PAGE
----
Have you been in a situation without thinking of what the consequences are when we hold on a team member that loses interest with the entire team and isn’t showing any enthusiasm any longer? Recently I had a conversation with my mother that runs a business about working different ways this situation could’ve been handled.
The discussion was mainly about how one of her team staff was just lacking in her work ethic. She was slow, non-energetic, and throughout the day the manager would be very stressful due to her speed of work. She would on occasion try to motivate her, talk her into giving more passion for her work so they could speed things up and leave customers satisfied, but over-time, it just wasn’t working out.
She mentioned she didn’t want to let her go because she’s been a part of the business for too long, with all the experiences she’s gained and if she were to let her go, finding someone else would seem too expensive for her.
I started to notice something going on here, it wasn’t that she didn’t want to let her go because she was a very experienced member, but rather she’s become dependent on her.
When we start to become dependent on someone for too long, it creates this barrier keeping you from stepping up to take the lead. That person of who we become desperately dependent among will not only notice it, but will take it to advantage and this is where I think starts to get ugly.
Why you may ask? Because a shift in power starts to happen and now the one who is being dependent on starts to play it as a game, sort of like a “you’re nothing without me” type. This will drag the organization down slowly and other team staff will become aware and I’m sure most would start to take off in different direction.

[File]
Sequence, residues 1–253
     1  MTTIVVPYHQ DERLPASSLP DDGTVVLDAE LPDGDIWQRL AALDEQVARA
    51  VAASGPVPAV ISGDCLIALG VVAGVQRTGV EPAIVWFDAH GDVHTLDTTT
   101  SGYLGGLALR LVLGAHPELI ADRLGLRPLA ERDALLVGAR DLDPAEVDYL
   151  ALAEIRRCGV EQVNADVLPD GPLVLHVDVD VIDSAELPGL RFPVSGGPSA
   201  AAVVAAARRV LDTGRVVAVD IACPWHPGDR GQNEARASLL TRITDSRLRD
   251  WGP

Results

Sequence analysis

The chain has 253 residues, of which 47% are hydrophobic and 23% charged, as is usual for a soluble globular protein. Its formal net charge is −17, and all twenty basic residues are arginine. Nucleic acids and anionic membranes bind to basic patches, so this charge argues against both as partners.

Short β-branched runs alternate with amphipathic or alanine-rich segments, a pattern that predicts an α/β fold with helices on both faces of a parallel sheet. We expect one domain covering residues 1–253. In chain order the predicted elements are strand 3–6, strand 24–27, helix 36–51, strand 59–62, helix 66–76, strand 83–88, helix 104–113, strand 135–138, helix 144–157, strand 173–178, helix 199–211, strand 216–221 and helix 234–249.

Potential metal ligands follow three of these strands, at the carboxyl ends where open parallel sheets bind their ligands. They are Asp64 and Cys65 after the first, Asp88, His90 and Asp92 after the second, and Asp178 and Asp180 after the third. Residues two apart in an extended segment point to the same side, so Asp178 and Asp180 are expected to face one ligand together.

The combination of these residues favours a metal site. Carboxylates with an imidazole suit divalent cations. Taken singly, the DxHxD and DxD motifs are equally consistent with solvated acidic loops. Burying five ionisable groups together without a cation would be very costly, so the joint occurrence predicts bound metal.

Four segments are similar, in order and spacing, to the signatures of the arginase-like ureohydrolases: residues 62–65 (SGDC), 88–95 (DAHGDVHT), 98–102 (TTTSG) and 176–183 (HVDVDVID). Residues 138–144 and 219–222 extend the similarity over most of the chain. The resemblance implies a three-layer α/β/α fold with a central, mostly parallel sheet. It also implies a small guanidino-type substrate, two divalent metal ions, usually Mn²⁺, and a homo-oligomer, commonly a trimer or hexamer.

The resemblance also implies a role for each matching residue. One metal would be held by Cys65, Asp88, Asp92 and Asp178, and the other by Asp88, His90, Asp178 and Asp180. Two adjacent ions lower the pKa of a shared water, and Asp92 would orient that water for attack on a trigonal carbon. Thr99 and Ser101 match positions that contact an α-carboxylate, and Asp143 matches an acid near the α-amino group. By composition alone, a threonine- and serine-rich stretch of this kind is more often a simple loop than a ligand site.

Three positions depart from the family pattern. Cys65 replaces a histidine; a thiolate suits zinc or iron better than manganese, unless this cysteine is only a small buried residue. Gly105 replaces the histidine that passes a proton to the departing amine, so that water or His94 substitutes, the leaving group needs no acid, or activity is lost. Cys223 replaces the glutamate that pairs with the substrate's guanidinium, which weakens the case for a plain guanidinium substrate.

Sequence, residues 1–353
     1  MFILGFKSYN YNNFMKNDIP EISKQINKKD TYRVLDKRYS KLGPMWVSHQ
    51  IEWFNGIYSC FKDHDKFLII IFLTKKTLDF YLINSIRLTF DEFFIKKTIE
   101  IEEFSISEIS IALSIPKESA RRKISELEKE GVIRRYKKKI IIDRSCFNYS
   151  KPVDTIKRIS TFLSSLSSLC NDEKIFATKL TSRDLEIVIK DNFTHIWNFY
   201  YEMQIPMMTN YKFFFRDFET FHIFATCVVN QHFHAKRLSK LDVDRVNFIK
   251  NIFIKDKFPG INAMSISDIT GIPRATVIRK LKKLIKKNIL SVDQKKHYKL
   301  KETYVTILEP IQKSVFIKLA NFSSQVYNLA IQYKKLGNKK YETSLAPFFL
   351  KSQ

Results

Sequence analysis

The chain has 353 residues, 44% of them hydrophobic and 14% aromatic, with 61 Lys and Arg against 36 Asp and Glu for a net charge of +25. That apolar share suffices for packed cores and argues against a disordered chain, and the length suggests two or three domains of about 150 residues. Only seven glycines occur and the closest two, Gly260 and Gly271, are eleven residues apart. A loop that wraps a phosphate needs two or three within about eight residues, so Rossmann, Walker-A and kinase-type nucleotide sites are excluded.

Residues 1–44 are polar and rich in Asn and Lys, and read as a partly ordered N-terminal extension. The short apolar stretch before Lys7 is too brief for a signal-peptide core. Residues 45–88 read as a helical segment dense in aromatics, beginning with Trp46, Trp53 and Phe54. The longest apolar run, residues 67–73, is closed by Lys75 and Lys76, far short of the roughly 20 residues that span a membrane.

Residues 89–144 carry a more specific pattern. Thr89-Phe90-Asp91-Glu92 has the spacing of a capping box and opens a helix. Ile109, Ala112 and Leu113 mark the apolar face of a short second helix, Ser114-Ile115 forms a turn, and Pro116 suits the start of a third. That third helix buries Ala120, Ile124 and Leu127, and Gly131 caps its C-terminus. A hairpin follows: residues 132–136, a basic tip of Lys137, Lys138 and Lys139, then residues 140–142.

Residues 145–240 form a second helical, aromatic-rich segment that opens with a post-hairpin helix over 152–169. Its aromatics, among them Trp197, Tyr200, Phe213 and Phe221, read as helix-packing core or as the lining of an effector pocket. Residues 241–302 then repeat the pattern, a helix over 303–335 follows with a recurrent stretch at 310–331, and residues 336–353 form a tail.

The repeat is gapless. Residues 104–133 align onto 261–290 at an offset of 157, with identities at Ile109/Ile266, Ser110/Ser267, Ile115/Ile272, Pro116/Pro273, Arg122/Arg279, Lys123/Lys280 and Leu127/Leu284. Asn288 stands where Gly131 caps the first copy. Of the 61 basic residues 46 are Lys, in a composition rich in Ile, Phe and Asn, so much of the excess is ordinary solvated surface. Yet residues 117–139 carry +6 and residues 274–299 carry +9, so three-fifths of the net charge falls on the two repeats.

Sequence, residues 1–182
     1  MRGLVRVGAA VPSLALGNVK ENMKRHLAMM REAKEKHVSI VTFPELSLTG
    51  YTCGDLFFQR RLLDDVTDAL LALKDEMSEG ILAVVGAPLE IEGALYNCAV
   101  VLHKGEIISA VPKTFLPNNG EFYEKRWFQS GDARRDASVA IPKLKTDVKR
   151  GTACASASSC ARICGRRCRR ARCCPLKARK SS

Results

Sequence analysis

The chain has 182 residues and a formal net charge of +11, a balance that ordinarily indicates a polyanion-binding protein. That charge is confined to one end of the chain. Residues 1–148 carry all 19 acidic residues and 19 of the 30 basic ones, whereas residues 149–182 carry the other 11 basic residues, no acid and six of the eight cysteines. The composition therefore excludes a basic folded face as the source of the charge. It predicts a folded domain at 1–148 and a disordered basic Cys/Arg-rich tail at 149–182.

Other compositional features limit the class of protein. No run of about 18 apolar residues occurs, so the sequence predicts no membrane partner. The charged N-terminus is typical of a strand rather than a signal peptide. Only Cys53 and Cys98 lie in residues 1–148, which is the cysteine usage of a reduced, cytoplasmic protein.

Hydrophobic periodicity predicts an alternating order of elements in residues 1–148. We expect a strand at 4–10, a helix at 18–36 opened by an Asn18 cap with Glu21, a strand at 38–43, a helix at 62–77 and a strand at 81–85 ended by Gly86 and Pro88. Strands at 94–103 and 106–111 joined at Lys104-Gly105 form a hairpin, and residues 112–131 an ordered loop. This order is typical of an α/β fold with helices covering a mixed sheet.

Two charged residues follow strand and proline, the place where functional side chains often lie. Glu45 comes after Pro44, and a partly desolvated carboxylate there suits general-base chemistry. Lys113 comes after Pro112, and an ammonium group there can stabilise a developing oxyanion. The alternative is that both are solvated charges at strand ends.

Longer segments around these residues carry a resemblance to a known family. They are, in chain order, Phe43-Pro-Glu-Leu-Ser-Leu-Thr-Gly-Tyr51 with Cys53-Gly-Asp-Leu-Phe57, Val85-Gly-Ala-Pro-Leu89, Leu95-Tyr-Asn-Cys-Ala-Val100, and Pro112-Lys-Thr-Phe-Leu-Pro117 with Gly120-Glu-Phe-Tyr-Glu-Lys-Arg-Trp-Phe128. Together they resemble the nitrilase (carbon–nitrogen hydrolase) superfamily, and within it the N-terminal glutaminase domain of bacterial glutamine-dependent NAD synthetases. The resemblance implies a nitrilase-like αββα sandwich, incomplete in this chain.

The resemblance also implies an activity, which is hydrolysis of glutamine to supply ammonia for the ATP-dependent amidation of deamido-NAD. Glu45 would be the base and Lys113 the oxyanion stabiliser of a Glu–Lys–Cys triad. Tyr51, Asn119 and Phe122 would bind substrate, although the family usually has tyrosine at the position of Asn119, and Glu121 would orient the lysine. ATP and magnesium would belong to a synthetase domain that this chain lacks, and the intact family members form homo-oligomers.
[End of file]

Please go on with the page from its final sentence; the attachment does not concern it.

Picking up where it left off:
This as leaders makes us weak without hesitation, and we must not be carried into this playing field. What I suggested is that this team member should’ve been let go quickly. The ‘hire slow, fire quickly’ mentality.
When we hang on to a person that doesn’t bring value to the organization any more, they are robbing us- our time, our team, our customers, and our money.
I understand also that there is fear about what happens when we aren’t prepared to let someone go in that moment?
What happened during this situation was that the manager couldn’t handle it anymore and told her how she saw it. She blamed her for being too slow, wasn’t doing quality work and was wasting their time. That staff got upset and at the end of the day she decided to quit.
Soon after they all came to a meeting, they weren’t sure of who they were going to hire next. It was a clueless situation, there was no one in mind for the following Monday to hire. They quickly began post hiring ads everywhere and you could sense the stressful situation they got themselves in. On the opposite side however, they were the ones walking away laughing because they knew she was needed.
So what can we learn from this?
When there’s a person that doesn’t bring value to the organization any more, we have to let them go promptly, but before we let them go; we should prepare ourselves to have a plan of those who can replace them following the termination. This will reduce a lot of hassle and once you’ve found a replacement, it’s best to not go all out on a member in front of everyone, but instead at the end of the day have a one on one discussion with them about their work performance and let them know they no longer will be bringing their contribution to the team. It’s much more organized and saves a lot of time.
What strategies do you tend to use before letting someone go in your organization? Have you ever had to wait onto someone for too long and just decided to stick with it? Was your outcome good or bad? And what experiences have you gained?